The Tipo does ride nicely, though. The suspension has a tough feel, as if it’s been tailored to take really rough roads in its stride, and this ability helps it shrug off UK roads without too much patter or clatter.

Again, it can run out of ideas when things get challenging, but in everyday driving it proves adept and confident. In focusing more on comfort than back-road dynamics, Fiat has created a well-balanced and likeable car in the Tipo.

Price and value

The biggest draw of the Tipo is its superb value. Ticket price of a 95hp 1.4-litre entry-level Easy hatch is just £12,995, which is less than the lead-in price of a Ford Fiesta – and that’s a car from the sector below this! Most budget buyers are expected to step up to the better-equipped Easy Plus: that’s just £13,995.

A faster 120hp 1.4-litre turbo engine is £1,000 more, and the 1.6-litre turbodiesel we drove starts at £16,995. Our Lounge model, with standard sat nav, climate control, parking sensors, alloy wheels and umpteen other features, cost £17,995. That’s less than an entry-level Volkswagen Golf five-door: yes, the Fiat Tipo is indeed exceptional value.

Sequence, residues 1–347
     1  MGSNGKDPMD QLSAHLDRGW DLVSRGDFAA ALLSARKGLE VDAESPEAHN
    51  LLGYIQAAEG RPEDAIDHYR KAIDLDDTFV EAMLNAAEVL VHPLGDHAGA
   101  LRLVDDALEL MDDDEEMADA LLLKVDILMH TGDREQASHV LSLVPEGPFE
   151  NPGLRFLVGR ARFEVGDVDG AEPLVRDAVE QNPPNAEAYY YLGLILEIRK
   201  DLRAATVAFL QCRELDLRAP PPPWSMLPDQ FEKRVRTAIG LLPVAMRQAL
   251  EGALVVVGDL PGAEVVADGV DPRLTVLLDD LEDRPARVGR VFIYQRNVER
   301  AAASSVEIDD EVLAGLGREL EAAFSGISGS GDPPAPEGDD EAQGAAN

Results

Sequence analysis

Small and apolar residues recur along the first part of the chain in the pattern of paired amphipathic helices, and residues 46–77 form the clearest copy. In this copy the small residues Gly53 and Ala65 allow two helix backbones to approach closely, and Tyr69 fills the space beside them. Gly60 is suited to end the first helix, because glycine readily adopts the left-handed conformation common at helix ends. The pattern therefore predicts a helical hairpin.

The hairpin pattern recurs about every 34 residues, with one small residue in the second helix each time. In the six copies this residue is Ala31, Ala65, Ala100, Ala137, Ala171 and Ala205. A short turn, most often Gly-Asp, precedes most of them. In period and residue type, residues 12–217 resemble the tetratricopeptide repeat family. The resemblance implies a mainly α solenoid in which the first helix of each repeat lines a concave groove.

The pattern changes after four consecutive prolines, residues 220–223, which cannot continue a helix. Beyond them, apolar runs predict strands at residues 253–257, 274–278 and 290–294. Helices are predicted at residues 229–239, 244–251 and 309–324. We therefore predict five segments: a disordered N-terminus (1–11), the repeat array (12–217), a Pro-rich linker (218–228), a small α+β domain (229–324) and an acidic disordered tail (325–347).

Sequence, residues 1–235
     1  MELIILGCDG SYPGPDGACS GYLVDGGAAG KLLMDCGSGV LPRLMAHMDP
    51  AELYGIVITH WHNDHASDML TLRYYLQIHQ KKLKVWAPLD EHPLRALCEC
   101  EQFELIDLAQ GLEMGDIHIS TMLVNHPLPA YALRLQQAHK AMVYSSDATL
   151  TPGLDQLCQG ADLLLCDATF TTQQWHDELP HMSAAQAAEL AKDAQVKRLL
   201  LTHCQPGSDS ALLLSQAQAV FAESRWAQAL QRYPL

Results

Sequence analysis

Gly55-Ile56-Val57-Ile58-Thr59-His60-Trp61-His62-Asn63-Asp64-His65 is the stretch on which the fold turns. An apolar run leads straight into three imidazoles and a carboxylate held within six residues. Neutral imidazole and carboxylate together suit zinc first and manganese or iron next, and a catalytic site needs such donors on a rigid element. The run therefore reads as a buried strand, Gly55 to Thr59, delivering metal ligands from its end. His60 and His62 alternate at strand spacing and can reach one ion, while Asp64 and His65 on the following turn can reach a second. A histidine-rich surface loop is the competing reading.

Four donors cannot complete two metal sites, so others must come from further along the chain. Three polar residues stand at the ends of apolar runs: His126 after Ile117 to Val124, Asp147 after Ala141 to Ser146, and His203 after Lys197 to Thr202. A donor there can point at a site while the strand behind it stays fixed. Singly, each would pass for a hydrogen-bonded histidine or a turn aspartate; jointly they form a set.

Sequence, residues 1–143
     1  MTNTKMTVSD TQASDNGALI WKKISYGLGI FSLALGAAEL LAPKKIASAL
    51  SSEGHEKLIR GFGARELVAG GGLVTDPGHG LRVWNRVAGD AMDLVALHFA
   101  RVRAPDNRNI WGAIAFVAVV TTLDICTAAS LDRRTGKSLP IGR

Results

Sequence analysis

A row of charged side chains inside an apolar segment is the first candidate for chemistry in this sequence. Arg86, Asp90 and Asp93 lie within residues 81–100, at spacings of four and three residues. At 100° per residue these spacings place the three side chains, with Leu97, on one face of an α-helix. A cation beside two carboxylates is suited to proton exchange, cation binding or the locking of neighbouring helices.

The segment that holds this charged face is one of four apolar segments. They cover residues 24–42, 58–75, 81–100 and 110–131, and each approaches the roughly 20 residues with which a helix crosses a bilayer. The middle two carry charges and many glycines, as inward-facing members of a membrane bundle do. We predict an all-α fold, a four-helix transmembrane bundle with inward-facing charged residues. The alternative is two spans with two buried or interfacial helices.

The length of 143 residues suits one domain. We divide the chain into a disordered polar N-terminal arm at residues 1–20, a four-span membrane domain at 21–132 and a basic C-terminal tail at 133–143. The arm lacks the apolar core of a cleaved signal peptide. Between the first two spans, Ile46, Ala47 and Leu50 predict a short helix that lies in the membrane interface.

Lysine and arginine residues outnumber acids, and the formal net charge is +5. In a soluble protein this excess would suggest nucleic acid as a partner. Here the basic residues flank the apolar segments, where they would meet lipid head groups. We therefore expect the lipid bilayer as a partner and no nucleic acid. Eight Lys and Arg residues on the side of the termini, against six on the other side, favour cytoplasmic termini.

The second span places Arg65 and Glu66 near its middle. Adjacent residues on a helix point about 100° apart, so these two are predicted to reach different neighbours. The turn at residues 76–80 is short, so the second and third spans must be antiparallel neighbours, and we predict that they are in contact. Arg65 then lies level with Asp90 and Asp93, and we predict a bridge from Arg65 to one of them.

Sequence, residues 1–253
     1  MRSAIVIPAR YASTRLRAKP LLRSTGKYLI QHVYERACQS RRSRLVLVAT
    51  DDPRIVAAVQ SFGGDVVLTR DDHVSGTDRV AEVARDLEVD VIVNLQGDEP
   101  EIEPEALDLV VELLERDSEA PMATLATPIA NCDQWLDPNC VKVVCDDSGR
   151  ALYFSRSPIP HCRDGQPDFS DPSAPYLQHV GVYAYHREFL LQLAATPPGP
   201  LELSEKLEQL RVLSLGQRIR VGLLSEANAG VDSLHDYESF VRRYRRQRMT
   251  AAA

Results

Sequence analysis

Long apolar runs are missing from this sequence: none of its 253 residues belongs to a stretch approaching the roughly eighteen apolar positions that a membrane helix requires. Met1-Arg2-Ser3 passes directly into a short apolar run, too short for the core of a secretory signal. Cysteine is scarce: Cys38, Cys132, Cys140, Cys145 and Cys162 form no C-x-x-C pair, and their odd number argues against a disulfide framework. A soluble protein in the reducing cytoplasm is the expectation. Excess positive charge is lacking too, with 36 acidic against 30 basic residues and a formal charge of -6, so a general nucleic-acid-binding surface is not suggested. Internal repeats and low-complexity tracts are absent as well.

Fuel economy

The 1.6-litre turbodiesel really scores here. Average fuel economy is a fine 83.1mpg and CO2 emissions are well under 100g/km. You may not see such highs out on the road, but over 60mpg should easily be attainable, maybe even 70mpg on a gentle motorway cruise. This makes the Tipo one of the most efficient turbodiesel family hatchbacks on sale.

Verdict: 2016 Fiat Tipo

Fiat has hit the nail on the head with the Tipo. It’s not tried to take on the family hatchback mainstream with it: instead, it’s aimed at the sector below, adopting a Dacia-like approach of selling similar space and ability for less money.

It’s an approach that’s worked. Overall, a Volkswagen Golf or Vauxhall Astra is a better and more talented all-rounder. But the Tipo’s excellent value and broad range of abilities ensure it still has appeal – particularly given the amount of money you’re saving. Looking for a family hatch bargain? It should certainly be on the consideration list.